“Finneas said, ‘I don’t want to write a song about you killing yourself and how that’s everything you wanted!’ It became this huge thing and I locked myself in my room, and I was in there, just drawing on my wall.”
Finneas, she said, told her, “I don’t want to keep making these songs that are only sad and they never get better. He wanted to make songs that resolve in the end. I was like: ‘But Finneas, that’s not how things work in life. And I’m not going to lie in a song and talk about how I’m feeling good when I’m not.’”
Their mom Maggie Baird, forever their artistic champion and great adviser, agreed with Finneas. She also felt that writing and producing it as was would not be good for Billie.
As Finneas said, “A lot of songs are written in retrospect, but this one felt like it was being written in real-time. And I was like: ‘This is something we’ve got to write on the other side of this hill. We have to go through this in real life. You can’t always solve your problems in a song.’”
Their solution, which was inspired and right, was to change the direction of the song to reflect the saving grace of love, as symbolized by his refusal to manifest her darkness. Instead of writing an anthem for giving up hope forever, it became a theme-song about genuine love. His love inspired the better, bigger theme. It’s still dark, but not without hope.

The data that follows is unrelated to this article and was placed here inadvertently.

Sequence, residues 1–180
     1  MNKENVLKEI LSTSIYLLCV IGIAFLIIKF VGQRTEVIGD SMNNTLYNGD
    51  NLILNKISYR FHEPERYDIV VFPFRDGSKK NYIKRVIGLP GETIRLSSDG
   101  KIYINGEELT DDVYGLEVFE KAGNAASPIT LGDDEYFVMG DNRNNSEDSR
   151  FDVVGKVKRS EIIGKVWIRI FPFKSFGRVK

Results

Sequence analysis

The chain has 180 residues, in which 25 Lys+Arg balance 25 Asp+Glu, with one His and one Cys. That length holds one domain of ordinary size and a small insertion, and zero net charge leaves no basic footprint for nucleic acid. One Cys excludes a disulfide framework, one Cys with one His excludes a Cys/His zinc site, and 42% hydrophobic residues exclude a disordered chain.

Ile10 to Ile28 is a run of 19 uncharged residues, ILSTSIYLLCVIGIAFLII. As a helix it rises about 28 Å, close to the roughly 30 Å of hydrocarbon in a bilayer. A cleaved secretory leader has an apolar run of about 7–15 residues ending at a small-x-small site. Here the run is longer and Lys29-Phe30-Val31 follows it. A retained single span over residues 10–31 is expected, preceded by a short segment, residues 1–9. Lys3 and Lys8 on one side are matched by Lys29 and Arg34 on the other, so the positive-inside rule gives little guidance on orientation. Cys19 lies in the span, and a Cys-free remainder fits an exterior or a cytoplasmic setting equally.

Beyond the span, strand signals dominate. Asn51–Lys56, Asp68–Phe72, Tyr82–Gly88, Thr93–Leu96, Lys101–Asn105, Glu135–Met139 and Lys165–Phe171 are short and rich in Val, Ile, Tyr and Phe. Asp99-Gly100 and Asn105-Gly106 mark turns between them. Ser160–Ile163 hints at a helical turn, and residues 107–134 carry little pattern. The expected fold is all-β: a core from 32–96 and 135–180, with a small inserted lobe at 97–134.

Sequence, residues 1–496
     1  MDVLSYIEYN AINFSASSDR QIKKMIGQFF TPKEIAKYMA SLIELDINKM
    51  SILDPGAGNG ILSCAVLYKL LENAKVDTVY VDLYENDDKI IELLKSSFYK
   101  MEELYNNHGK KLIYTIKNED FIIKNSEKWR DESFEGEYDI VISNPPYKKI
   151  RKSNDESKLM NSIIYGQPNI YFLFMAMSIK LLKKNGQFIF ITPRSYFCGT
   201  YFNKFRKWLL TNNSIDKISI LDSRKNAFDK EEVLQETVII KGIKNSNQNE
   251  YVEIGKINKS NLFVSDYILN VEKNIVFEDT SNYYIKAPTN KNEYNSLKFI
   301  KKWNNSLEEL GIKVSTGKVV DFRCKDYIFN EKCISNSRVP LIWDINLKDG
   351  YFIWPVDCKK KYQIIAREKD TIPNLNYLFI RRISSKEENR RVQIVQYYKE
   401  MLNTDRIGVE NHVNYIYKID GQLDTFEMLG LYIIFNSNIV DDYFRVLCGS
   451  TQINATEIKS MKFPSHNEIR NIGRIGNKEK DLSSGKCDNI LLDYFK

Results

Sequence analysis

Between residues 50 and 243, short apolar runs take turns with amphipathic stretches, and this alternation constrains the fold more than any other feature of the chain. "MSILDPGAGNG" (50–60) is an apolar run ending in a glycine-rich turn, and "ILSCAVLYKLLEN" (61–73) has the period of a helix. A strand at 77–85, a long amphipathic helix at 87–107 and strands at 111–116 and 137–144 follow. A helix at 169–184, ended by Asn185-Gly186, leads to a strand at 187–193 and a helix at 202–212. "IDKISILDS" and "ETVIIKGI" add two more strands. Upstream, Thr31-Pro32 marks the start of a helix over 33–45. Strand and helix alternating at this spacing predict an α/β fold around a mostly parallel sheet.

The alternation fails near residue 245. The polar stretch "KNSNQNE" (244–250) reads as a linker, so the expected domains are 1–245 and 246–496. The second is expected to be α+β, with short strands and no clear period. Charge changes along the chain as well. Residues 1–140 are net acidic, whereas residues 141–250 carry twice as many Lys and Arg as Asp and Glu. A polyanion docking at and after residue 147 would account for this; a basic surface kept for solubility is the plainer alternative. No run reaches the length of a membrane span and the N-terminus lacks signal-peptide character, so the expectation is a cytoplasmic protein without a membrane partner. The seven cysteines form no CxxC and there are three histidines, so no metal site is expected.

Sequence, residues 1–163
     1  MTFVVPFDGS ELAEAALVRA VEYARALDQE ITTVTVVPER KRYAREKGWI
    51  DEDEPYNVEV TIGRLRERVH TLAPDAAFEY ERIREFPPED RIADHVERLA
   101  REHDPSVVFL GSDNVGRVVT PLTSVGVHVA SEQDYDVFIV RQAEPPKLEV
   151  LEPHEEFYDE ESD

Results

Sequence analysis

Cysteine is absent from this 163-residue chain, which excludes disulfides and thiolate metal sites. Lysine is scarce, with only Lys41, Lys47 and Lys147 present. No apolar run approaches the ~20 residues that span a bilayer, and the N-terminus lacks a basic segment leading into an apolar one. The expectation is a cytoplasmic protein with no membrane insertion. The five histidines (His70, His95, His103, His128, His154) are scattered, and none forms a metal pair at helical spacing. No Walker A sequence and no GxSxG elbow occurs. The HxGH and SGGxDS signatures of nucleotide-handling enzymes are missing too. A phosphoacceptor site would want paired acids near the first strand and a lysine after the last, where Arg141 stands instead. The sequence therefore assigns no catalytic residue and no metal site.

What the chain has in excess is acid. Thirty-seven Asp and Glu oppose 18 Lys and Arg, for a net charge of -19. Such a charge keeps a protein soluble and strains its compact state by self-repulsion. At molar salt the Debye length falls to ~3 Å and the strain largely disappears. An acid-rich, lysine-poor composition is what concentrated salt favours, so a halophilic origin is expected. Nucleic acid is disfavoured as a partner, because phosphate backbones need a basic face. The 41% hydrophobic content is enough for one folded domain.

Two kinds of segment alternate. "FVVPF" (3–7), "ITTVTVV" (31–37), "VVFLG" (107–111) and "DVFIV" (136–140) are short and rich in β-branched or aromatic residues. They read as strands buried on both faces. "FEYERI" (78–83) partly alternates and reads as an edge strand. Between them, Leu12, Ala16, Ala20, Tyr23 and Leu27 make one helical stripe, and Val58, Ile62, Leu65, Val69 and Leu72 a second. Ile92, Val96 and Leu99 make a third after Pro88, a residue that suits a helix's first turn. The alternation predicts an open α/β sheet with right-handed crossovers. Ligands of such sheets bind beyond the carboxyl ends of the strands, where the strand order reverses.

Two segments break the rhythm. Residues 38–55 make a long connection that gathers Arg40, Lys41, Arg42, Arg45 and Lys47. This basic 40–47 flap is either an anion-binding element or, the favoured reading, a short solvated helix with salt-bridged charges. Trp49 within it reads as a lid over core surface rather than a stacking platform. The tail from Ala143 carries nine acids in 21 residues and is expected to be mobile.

Still the thought of that step “off the Golden” (Gate Bridge) is preserved, but not realized in the song. Instead it is dismantled by love. It’s there in the lyrics, and also in the perfect harmonies on this chorus sung by brother and sister together:
“Thought I could fly/So I stepped off the Golden/Nobody cried/Nobody even noticed,” she sings. Then in harmony they bring the hope together: “You say, ‘As long as I’m here, no one can hurt you.’ ”
“Finneas and I both had the idea to make the song about each other, instead of just me and how I was feeling,” Billie said.
“We had a complete block,” Billie said about reinventing this song. “And the way we got through it was to make it about us as siblings and what we mean to each other.”